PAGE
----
alertAt the Spring Assembly of the U.S. bishops, Cardinal Joseph Tobin suggested that a delegation ofbishops go to the border to see for themselves what was happening to newly arrived immigrants, families and children. On July 1 and 2, Cardinal Daniel DiNardo, president of the U.S. bishops conference, and five other bishops conducted a pastoral visit to the diocese of Brownsville, Texas. Stops included Mass at the Shrine of Our Lady of San Juan del Valle with the community, a visit to anHHS/OBR Shelter and Mass for the families there, a visit to the Customs and Border Patrol processing center in McAllen, TX, and a press conference at the end of their visit. Catholic News Service accompanied the bishops on their border trip. 

  1. Backgrounder and analysis of the bishops’ trip to the border: Cardinal DiNardo told CNS, “You cannot look at immigration as an abstraction when you meet” the people behind the issue.
  2. At final press conference, Cardinal Daniel Dinardo said the church was willing to be part of any conversation to find humane solutions because even a policy of detaining families together in facilities caused “concern.”
  3. Bishops serve soup to immigrant families at a center run by Catholic Charities and listen to their stories. Scranton Bishop Joseph Bambera said he found hope in hearing the people in the room talk about what’s ahead. They didn’t speak of making money but of finding safety for their children, he said, driven by “the most basic instinct to protect your family.”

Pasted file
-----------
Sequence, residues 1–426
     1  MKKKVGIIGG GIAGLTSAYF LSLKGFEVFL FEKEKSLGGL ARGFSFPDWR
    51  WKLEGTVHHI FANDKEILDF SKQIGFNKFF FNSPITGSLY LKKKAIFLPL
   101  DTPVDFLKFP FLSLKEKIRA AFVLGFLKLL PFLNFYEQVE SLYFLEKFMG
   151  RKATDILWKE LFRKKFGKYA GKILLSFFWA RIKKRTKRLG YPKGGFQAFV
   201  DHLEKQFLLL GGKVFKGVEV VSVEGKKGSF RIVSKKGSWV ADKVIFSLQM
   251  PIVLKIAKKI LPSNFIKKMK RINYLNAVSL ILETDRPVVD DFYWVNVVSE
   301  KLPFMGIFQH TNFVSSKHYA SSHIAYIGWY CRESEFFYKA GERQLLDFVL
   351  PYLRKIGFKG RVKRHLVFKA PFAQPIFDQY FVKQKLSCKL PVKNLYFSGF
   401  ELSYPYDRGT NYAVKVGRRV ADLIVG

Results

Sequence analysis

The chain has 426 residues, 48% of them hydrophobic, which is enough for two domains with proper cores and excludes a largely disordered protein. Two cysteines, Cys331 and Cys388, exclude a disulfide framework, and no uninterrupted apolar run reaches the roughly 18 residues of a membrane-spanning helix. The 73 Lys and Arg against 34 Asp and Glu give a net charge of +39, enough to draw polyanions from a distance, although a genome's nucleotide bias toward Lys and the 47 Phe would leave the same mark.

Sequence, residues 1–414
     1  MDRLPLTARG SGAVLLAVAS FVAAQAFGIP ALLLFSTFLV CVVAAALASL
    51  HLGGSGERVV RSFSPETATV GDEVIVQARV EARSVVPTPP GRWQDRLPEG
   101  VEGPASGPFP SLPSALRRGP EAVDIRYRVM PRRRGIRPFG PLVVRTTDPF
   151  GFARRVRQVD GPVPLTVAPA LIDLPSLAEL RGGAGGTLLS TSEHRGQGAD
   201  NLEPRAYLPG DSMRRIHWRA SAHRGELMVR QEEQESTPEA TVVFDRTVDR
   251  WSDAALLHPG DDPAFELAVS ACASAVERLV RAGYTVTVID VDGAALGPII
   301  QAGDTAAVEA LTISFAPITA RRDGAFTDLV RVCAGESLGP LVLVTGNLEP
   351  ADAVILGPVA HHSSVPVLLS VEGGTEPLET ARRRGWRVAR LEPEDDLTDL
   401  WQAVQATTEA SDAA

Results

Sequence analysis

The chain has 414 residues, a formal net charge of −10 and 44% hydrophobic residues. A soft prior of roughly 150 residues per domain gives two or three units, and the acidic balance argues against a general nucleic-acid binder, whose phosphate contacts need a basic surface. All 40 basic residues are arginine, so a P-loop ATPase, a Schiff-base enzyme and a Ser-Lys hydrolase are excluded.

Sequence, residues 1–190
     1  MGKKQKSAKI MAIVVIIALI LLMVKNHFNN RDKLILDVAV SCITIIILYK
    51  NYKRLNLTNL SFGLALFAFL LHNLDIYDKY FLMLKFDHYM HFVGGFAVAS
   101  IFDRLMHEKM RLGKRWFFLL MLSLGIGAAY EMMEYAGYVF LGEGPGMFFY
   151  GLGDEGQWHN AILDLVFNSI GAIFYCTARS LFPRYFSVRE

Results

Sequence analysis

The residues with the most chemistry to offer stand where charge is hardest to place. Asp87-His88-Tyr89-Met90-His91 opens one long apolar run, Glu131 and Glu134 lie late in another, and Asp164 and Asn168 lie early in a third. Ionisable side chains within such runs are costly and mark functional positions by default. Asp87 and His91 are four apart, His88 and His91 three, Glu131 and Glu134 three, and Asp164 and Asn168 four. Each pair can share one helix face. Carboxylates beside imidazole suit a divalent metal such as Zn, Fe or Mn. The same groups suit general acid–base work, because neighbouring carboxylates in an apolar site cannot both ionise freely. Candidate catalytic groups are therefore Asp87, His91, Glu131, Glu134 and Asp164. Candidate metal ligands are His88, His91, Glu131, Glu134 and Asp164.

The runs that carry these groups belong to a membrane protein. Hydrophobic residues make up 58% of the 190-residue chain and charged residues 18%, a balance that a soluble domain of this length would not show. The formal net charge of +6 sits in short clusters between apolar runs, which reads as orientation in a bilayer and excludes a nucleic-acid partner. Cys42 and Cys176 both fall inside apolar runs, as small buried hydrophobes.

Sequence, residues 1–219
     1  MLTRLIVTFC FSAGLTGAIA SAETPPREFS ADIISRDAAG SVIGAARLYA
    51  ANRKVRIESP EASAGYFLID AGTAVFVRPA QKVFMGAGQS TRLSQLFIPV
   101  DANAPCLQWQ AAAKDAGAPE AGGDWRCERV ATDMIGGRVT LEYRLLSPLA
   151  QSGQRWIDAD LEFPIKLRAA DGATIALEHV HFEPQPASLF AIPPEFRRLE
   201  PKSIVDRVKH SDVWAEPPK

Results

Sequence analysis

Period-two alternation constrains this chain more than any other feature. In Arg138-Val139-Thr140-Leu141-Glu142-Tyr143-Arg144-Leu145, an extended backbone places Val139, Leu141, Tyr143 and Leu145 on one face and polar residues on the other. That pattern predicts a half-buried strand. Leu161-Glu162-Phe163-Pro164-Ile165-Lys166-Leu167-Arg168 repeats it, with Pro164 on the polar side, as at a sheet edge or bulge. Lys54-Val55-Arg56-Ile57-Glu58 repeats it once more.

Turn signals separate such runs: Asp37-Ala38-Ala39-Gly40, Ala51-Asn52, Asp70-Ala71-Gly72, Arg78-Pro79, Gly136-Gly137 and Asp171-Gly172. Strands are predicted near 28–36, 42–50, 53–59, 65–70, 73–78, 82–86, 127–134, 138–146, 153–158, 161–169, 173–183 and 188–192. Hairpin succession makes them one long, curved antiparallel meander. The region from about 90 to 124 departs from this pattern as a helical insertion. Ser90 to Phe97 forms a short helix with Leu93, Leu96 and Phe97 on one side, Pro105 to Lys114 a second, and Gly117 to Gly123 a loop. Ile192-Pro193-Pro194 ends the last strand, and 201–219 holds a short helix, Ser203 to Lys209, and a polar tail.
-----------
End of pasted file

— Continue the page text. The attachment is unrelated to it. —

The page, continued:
4. At an opening Mass he Basilica of Our Lady of San Juan del Valle-National Shrine near McAllen, Texas, Bishop Daniel Flores of Brownsville told Massgoers, “The bishops are visiting here so they can stop and look and talk to people and understand, especially the suffering of many who are amongst us,”

A delegation of U.S. bishops goes on a fact-finding mission at the U.S.-Mexican border to learn more about Central American immigration detention.

Following their visit to an immigrant detention center, U.S. bishops said they are even more determined to call on Congress for comprehensive immigration reform.